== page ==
Engabreen Glacier, Norway retreat

Engabreen is an outlet glacier of the Svartisen ice cap in northern Norway. It has an area of 40 km2. Most of the area lies between 1200 and 1450 m the high plateau of the ice cap. This glacier has been the focus of attention from the Norwegian Water Resources and Energy Directorate (NVE) for over 50 years. NVE maintains the most extensive and detailed glacier monitoring network in the world. The NVE annual mass balance measurements on Engabreen indicate that winter snow typically accumulate 3 m of water equivalent on the ice cap. This amounts to 5-7 m of snowpack as the melt season begins in May. The glacier terminus descends from the ice cap down nearly to Engabrevatnet, a lake at 7 m. At the terminus annual melting is 12 m.
The rivers from the northern and eastern side of Svartisen were regulated in the 1990’s for hydro power production by construction of a tunnel system partly underneath the glacier. Today about 60% of the potential runoff of the Engabreen is captured and sent through a bedrock tunnel to the hydropower facility. During completion of this tunnel access to the glacier base was opened. Today there is the world’s only ongoing subglacial laboratory here. The melt water from Engabreen is collected into this tunnel system at 620 m a.s.l. underneath 200 m of glacier ice in the ice fall.
Late in the 18th century Engabrevatnet started to appear as the glacier retreated upvalley.
In 1903 regular length change observations were initiated, a small advance ensued until 1910. By 1931 the glacier retreated 100 meters, and the glacier tongue was thinning. During the next decade calving led to rapid retreat revealing the rest of Engabrevatnet. The retreat ended in 1965, since then has advanced with three different pulses ending in 1971, 1984 and 1999, the last pulse reaching to within a few meters of the lake shore. From 1999-2009 Engabreen has retreated 255 m. Below are pictures from the NVE taken in 2000 and 2008 of Engabreen, note the large contraction of the terminus area. Also note the considerable reduction in crevassing at the terminus, indicating a velocity reduction and that retreat will continue in the near future. The 2009 position is its point of furthest retreat since the Little Ice Age. The recent retreat indicates a recent trend of negative mass balance on the glacier. There is excellent flow off the ice cap that has persistent and consistent snowcover indicating this glacier will survive current climate.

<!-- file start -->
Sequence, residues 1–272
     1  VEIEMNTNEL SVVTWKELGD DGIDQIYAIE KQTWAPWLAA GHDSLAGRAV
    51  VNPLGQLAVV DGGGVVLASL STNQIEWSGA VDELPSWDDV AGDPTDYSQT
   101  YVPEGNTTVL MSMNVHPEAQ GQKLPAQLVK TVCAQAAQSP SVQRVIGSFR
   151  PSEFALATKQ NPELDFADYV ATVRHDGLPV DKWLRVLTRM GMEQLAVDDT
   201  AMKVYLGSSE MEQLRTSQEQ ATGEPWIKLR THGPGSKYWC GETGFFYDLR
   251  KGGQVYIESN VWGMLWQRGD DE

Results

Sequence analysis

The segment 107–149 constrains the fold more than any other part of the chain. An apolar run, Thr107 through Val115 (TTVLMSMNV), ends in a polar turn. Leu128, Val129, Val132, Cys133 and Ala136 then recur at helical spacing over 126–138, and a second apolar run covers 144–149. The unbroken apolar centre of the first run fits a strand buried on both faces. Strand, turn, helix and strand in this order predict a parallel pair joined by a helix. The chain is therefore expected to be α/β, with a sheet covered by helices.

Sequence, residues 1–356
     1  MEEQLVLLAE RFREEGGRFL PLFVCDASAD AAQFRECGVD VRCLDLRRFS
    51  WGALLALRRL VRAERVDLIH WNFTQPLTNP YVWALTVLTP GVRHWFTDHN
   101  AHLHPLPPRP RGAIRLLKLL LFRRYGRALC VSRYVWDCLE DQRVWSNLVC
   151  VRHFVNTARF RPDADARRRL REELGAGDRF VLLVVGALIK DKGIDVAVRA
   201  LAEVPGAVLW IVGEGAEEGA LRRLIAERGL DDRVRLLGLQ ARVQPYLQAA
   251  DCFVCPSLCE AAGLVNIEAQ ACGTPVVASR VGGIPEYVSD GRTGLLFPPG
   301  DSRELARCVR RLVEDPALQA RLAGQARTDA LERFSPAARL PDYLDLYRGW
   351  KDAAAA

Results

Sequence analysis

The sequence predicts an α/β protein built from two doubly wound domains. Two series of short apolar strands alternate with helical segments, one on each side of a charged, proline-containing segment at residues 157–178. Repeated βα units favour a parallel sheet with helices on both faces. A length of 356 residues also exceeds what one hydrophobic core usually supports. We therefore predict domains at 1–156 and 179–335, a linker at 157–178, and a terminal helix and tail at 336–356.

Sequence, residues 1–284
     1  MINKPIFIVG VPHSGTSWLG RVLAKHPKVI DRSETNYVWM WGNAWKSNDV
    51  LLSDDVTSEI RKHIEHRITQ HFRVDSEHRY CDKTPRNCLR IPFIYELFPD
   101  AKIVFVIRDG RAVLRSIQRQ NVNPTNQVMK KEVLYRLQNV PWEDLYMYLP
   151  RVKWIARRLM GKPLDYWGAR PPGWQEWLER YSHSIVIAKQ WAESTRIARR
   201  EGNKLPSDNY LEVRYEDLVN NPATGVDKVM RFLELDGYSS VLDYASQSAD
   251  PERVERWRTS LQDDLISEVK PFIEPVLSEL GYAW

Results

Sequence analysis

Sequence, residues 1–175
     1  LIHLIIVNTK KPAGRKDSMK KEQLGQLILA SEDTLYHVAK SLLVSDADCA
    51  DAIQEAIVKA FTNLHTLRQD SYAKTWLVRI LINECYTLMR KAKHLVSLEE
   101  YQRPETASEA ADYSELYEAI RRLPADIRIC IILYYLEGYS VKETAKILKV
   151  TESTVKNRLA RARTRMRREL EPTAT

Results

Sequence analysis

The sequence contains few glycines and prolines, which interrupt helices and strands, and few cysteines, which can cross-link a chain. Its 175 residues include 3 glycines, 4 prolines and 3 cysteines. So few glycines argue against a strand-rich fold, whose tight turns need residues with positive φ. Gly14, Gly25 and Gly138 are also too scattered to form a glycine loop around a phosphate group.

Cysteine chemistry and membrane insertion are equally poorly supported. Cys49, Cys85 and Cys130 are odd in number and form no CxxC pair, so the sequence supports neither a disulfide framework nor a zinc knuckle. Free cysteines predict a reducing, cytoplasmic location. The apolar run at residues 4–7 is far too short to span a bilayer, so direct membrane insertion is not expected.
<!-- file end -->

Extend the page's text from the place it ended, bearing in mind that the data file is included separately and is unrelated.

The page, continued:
Advertisements

6 thoughts on “Engabreen Glacier, Norway retreat

  1. Pingback: Engabreen Glacier, Norway retreat « From a Glaciers Perspective | Today Headlines

  2. Mauri, thanks for this article. What is causing the pulses forward and the retreats? Could the glacier be advancing again somewhere in the future, like it did until 1971, 1984 and 1999?

    • The detailed annual assessments began in 1970. There was strong periods of positive mass balance in 1973-76 and 1981-84. Again from 1989-1997 there was a sequence of positive balance years. You can see from the images during advance the heavy crevassing at the front indicating the vigorous flow. This equates to a rapid response to climate change. Since 1998 there has been a trend of negative balances, thus the glacier is not poised for another pulse. Further the summer melting has been exceptional in 2002, 2003, and 2006. Probably 2010 as well.

  3. I’m sorry, I don’t understand this sentence:

    ” The recent retreat indicates a recent trend of negative mass balance on the glacier. There is excellent flow off the ice cap that has persistent and consistent snowcover indicating this glacier will survive current climate.”

    If in the current climate the glacier has a negative mass balance, how can it be said that it will survive the current climatic conditions? Especially given four of the last ten years witnessed “exceptional” summer warming.

    I understand the glacier is healthier than a lot of its fellows, but can you clarify your meaning here a little bit?

    • To survive a glacier needs a persistent and consistent area of accumulation. Engabreen has such an area. The glacier cannot sustain its entire low elevation terminus tongue with current climate. However, retreat has the potential to reduce overall ablation to the point there is a balance.

Comments are closed.